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Hořovice (Czech pronunciation: [ˈɦor̝ovɪtsɛ]; German: Horschowitz or Horowitz) is a small Czech town in Central Bohemian Region in the Beroun district. It is the administrative and economical center of the surrounding area. The town is surrounded by lots of historical and natural sights, including Brdy, Křivoklátsko and Český kras. Its most known building is Hořovice Castle.

Hořovice, náměstí Palackého.jpg
Town Hall and church of the Holy Trinity
Coat of arms
Country Czech Republic
Region Central Bohemian
District Beroun
Commune Hořovice
Elevation 375 m (1,230 ft)
Coordinates 49°50′10″N 13°54′18″E / 49.83611°N 13.90500°E / 49.83611; 13.90500Coordinates: 49°50′10″N 13°54′18″E / 49.83611°N 13.90500°E / 49.83611; 13.90500
Area 9.55 km2 (3.69 sq mi)
Population 6,866 (2015-01-01)
Density 719/km2 (1,862/sq mi)
Founded 12th century
Mayor Ondřej Vaculík
Timezone CET (UTC+1)
 - summer (DST) CEST (UTC+2)
Postal code 268 01
Hořovice is located in Czech Republic
Location in the Czech Republic
Wikimedia Commons: Hořovice



Hořovice Castle

Archaeological excavations show early settlement in the 10th century. This settlement grew at the end of the 13th century and beginning of the 14th century when a trading post was established. This trading post was later rebuilt and expanded into a castle in the gothic style (the so-called "Old Castle").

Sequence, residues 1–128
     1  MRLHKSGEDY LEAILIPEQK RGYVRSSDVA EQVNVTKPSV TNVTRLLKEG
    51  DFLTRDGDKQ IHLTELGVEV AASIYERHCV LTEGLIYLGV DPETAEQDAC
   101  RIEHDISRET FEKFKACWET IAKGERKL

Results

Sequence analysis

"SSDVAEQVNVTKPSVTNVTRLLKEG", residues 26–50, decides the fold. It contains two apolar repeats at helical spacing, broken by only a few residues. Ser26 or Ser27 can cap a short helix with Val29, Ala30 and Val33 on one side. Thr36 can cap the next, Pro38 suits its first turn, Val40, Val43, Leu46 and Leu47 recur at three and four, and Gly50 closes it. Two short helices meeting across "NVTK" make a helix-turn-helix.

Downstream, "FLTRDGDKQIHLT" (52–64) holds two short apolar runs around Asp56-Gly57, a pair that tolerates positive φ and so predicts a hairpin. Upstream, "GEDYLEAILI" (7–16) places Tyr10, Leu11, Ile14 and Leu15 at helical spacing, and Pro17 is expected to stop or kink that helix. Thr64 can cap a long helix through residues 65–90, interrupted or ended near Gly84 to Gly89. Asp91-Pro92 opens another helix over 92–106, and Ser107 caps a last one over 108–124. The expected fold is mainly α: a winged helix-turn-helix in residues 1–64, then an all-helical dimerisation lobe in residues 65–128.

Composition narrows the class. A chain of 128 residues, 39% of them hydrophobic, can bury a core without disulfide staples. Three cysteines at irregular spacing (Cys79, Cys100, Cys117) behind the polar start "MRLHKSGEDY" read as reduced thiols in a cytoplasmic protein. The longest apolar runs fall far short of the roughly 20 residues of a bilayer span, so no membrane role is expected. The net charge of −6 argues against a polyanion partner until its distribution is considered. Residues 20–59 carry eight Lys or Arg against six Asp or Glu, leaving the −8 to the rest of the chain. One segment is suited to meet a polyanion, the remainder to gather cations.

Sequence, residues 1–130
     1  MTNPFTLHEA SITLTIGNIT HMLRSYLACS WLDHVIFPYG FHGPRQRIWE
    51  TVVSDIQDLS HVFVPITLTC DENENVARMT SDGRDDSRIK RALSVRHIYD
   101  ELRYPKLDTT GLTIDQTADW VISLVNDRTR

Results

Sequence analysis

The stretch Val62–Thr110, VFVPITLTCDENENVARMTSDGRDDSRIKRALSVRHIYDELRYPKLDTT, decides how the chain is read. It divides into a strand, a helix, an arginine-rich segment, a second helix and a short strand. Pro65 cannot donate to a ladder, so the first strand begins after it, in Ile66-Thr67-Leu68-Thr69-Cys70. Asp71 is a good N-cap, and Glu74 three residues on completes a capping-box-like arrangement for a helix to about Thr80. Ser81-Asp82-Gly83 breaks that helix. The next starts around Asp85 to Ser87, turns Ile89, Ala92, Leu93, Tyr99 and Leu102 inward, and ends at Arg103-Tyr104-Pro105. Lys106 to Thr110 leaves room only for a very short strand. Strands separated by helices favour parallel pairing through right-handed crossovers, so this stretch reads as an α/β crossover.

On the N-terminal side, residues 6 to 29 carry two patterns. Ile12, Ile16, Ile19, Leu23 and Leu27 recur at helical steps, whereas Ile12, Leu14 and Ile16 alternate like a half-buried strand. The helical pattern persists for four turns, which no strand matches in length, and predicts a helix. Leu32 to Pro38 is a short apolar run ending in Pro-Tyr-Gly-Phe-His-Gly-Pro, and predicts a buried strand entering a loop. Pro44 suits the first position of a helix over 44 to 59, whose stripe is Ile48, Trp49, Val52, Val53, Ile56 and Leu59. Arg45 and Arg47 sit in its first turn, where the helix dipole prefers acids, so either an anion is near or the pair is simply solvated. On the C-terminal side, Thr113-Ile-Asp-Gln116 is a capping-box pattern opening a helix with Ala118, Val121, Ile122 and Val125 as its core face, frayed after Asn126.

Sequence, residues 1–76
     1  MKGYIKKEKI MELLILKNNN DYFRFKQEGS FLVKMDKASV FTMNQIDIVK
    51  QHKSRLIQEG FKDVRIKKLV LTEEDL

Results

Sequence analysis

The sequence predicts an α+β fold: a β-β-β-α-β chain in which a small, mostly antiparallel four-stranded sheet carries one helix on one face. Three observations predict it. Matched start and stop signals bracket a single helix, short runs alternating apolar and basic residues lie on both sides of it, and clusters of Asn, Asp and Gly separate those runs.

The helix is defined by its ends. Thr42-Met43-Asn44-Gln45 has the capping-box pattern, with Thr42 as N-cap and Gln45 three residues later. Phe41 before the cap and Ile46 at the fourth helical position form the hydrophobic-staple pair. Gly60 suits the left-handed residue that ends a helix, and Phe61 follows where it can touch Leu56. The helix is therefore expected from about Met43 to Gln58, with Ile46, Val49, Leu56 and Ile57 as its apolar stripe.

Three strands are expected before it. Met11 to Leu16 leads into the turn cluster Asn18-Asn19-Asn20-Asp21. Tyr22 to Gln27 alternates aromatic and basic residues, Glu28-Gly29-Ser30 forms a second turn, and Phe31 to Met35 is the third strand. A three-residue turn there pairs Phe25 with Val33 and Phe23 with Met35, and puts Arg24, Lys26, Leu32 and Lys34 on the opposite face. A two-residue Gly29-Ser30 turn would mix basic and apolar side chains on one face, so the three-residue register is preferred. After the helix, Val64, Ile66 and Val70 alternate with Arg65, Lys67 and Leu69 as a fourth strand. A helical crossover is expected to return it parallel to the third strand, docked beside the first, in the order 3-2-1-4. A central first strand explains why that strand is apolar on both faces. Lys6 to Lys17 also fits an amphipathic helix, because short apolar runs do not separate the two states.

The family of Hořovice named itself after the village. The first members to use the name were siblings Neostup and Habart Hořovice in 1233.

The village was incorporated as a town in 1322. The "Old Castle" and the church remained outside of the town walls, forming the borough of Velká Víska. This division remained until the 20th century; in 1919 Velká Víska became a part of Hořovice.

The common Jewish surnames Horovitz/Horowitz/Gurvich/Hurwicz/Hurwitz, etc., derive from Hořovice, which during the late Middle Ages had a substantial Jewish population.[1]

Notable peopleEdit

International relationsEdit

Twin towns—Sister citiesEdit

Hořovice is twinned with:


  1. ^ "Origin of Horowitz name". Horowitz Family Association in Israel. 2007-06-11. Retrieved 2007-11-15. 

External linksEdit